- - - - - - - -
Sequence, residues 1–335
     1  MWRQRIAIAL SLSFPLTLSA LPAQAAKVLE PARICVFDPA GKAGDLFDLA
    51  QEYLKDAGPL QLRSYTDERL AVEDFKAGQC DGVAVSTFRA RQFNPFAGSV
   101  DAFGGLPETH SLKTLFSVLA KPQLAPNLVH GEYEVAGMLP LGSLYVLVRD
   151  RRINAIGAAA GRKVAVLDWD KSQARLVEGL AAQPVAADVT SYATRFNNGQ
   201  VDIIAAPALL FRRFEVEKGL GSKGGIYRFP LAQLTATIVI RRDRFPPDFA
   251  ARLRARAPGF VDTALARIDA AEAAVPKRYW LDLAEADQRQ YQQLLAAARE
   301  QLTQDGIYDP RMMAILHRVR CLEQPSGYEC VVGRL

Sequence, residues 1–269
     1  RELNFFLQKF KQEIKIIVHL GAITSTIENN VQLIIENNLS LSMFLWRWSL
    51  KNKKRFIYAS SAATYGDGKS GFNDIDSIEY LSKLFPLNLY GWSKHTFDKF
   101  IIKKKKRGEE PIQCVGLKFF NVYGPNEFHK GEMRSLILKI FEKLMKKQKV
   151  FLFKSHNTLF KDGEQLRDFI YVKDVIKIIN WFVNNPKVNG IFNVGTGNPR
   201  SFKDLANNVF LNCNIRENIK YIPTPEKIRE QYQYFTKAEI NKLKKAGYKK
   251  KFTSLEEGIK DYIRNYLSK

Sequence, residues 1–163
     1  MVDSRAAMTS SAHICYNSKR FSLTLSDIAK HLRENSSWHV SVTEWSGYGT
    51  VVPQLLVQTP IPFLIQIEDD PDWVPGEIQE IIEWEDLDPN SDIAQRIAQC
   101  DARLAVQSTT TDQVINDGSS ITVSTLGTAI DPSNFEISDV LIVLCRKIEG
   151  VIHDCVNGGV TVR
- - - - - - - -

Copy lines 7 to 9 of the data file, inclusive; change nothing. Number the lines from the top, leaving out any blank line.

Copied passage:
   251  ARLRARAPGF VDTALARIDA AEAAVPKRYW LDLAEADQRQ YQQLLAAARE
   301  QLTQDGIYDP RMMAILHRVR CLEQPSGYEC VVGRL

Sequence, residues 1–269